Q1: What is your opinion of Donald Trump?
No opinion: 6%
Q2: What is your opinion of Mike Parson?
No opinion: 42%
Q3: What is your opinion of Wayne Wallingford?
No opinion: 53%
Q4: Possible candidates in the 2020 Republican Primary Election for State Senate are Holly Rehder and Kathy Swan. If the election were held today, for whom would you vote?
Holly Rehder: 26%
Kathy Swan: 27%
TYPE OF GOP: Thinking about the various types of voters within the Republican party, which type of voter do you consider yourself to be? Evangelical, a Trump Republican, Traditional, Libertarian, or something else?
Something else: 12%
MOScout’s Hallway Index: House Floor Leader
This week I asked who would become the next House Floor Leader. The election isn’t until November 2020. The lobbying corps clearly thinks this is now a two-person race.
1. Chuck Bayse… 0%
2. J Eggleston… 0%
3. Dean Plocher… 61.5%
4. Curtis Trent… 38.5
5. Someone else… 0%
· No one will outwork Curtis Trent in this race. He has been seen at almost every legislative event around the state.
· Plocher is a talker, but money talks.
· [Plocher because] fundraising matters. In a world where limits exist you need a dynamic leader that can raise money from individual donors as well as secure large checks from corporate PAC's. That is the new norm.
· At this point it is probably [Plocher’s] to lose, but I don’t think anyone would be surprised to see Curtis win. These races come down to a lot of factors, but the most important is the one on one interaction with their colleagues. Either one will need to spend a lot of time in the car traveling to districts.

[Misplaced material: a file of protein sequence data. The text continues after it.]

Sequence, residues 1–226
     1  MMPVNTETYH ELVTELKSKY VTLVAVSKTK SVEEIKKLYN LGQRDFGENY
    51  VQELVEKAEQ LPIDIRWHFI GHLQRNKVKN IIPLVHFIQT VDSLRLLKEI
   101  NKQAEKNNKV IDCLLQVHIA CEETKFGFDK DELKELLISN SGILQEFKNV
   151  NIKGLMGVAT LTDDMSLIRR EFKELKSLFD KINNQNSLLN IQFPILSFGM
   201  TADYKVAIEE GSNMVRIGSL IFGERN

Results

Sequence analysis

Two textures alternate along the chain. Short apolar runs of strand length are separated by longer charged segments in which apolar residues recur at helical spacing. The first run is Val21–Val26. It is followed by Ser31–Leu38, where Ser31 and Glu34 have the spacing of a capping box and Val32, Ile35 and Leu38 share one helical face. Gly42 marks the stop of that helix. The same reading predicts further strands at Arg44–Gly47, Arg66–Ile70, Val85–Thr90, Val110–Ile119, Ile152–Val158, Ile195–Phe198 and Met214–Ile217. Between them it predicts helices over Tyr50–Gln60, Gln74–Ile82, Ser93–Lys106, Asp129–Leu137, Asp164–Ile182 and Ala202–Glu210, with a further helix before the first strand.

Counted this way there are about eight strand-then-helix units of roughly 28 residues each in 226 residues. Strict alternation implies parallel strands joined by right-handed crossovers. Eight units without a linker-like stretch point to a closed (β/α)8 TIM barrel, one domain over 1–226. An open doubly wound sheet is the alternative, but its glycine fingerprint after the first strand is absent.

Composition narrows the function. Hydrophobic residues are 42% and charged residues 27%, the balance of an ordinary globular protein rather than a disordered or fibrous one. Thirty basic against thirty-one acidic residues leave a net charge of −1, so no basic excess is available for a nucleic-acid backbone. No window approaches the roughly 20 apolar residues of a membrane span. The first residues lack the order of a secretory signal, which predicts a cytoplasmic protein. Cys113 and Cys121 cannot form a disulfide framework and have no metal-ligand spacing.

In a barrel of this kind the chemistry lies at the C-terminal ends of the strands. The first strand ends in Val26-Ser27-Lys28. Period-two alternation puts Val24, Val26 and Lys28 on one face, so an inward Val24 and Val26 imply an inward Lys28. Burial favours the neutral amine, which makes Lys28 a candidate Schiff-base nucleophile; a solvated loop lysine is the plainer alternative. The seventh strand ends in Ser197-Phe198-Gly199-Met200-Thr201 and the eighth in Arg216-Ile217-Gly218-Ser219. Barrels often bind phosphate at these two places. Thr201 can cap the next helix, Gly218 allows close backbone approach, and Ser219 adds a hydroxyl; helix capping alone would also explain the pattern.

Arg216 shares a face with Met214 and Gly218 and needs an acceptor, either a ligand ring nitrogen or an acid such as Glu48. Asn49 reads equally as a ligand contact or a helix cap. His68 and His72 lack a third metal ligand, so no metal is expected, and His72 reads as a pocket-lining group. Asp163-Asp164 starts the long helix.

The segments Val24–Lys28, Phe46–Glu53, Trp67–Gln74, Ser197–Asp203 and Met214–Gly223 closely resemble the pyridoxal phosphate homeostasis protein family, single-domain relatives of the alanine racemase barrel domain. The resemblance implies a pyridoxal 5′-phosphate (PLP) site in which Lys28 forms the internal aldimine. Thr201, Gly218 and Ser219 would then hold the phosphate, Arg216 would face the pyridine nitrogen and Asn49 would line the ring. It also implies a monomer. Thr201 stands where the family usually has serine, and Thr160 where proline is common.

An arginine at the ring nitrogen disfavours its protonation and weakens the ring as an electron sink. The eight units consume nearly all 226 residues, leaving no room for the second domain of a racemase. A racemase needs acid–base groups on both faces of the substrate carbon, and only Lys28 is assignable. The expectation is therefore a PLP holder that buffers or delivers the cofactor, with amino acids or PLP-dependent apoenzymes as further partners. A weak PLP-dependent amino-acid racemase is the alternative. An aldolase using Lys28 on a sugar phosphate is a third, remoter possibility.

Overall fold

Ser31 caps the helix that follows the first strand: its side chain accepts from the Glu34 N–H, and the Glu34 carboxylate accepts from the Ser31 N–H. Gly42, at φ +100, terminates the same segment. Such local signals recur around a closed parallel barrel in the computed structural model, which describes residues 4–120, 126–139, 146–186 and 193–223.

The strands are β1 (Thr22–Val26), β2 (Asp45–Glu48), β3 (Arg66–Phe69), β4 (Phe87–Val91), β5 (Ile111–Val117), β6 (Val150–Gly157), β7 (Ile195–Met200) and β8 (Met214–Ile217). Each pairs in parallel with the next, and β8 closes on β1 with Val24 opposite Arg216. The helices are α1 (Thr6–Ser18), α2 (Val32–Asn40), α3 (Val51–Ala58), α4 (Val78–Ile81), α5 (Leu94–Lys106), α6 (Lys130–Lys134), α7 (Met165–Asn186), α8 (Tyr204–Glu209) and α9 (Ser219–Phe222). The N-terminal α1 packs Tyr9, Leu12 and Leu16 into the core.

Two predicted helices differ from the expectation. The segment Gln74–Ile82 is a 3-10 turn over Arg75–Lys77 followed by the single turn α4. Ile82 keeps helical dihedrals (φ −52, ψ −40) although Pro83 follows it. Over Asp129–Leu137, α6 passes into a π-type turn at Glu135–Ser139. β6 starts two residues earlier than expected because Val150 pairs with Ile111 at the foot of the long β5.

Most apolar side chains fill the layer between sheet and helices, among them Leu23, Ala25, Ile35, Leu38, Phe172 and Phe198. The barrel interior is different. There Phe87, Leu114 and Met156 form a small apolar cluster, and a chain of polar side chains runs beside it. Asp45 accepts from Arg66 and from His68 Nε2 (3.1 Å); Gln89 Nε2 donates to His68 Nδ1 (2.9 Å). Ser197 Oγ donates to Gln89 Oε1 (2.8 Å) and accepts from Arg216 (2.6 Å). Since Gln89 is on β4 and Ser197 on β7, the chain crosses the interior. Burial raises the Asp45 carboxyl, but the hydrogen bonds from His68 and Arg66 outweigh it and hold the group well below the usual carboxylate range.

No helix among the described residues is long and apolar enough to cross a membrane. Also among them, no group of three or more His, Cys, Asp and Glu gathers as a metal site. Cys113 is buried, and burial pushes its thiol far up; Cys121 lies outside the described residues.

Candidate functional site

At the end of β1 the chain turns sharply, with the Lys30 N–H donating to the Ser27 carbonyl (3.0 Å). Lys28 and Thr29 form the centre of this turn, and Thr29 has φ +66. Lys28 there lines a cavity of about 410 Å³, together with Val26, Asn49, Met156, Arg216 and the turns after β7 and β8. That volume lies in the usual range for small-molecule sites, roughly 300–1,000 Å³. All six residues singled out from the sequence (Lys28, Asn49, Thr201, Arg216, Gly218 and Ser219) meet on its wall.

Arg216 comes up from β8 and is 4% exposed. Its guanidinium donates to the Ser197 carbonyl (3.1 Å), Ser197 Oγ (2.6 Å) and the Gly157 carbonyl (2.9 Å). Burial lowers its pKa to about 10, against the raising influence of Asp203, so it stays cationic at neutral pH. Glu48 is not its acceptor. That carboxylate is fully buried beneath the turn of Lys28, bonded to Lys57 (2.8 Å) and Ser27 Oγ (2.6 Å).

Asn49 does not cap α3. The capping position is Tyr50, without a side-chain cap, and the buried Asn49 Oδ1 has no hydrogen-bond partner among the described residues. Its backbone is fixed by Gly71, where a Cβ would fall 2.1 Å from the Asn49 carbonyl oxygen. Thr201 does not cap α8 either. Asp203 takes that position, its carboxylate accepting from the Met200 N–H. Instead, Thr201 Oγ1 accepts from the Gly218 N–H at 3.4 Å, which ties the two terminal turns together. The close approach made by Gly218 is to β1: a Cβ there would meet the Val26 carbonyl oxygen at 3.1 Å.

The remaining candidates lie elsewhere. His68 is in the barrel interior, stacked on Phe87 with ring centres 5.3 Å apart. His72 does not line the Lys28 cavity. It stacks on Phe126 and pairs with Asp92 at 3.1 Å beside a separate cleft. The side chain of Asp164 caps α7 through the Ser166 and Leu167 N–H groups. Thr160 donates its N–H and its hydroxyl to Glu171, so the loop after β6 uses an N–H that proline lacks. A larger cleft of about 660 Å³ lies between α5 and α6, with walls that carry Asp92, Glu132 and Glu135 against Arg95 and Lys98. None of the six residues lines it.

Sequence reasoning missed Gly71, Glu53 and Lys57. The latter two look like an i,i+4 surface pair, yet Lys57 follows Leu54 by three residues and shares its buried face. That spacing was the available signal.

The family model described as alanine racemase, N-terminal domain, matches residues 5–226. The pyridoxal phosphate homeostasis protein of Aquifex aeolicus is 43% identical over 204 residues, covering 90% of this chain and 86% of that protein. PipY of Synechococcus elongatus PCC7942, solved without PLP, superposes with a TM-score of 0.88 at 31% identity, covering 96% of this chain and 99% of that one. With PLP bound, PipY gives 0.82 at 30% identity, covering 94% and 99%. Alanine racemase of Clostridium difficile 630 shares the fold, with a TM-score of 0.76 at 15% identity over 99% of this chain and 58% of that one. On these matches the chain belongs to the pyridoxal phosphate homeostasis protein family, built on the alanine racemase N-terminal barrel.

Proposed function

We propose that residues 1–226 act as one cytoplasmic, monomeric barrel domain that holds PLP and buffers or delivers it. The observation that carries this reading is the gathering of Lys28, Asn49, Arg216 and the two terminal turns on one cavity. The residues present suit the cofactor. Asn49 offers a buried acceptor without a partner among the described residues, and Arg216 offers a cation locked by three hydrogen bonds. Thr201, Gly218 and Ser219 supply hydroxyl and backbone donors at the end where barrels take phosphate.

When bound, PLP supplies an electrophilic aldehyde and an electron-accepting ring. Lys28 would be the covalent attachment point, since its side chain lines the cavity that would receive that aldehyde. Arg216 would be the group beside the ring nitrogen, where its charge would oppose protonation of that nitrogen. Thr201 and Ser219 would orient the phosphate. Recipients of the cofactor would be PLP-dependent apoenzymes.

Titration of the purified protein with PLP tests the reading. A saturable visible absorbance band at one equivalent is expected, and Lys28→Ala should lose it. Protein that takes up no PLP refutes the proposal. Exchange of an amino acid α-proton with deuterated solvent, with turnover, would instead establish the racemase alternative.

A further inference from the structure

· School choice is the only thing that divides the caucus. Republicans are unified on guns and abortion. Plocher is asking educators to support him and he’s getting wishy washy. It’s turning some folks off. Since there are about 80 votes for charter school expansion and it seems to be the biggest divider for hardliners in the caucus, it’s a real miscalculation on his part.
Who Won the Week
Dean Plocher – Rep. David Gregory’s endorsement adds to his vote column, and now the Hallway gives him the slight advantage over Curtis Trent to be the next Majority Floor Leader.
Casey Wheat – HRCC’s executive director pulls off a successful summer caucus reportedly raising over $500K.
Lee Ann Pitman – Some portion of that fresh $500K will likely be pumped into the House 99 special election to make sure Republicans hold the seat.
Road Heads – After years of being stymied in their pursuit for bigger budgets by stingy voters, infrastructure fans can be cheered by Governor Mike Parson’s interest in “asset recycling” as an alternative solution.
House Republican Campaign Committee, Inc - $10,000 from Cheyenne International LLC.
Credit Union Political Action Committee of Missouri - $10,000 from CommunityAmerica Credit Union.
IAFF FIREPAC VIC Missouri - $10,000 from International Association of Fire Fighters Interested in Registration and Education PAC.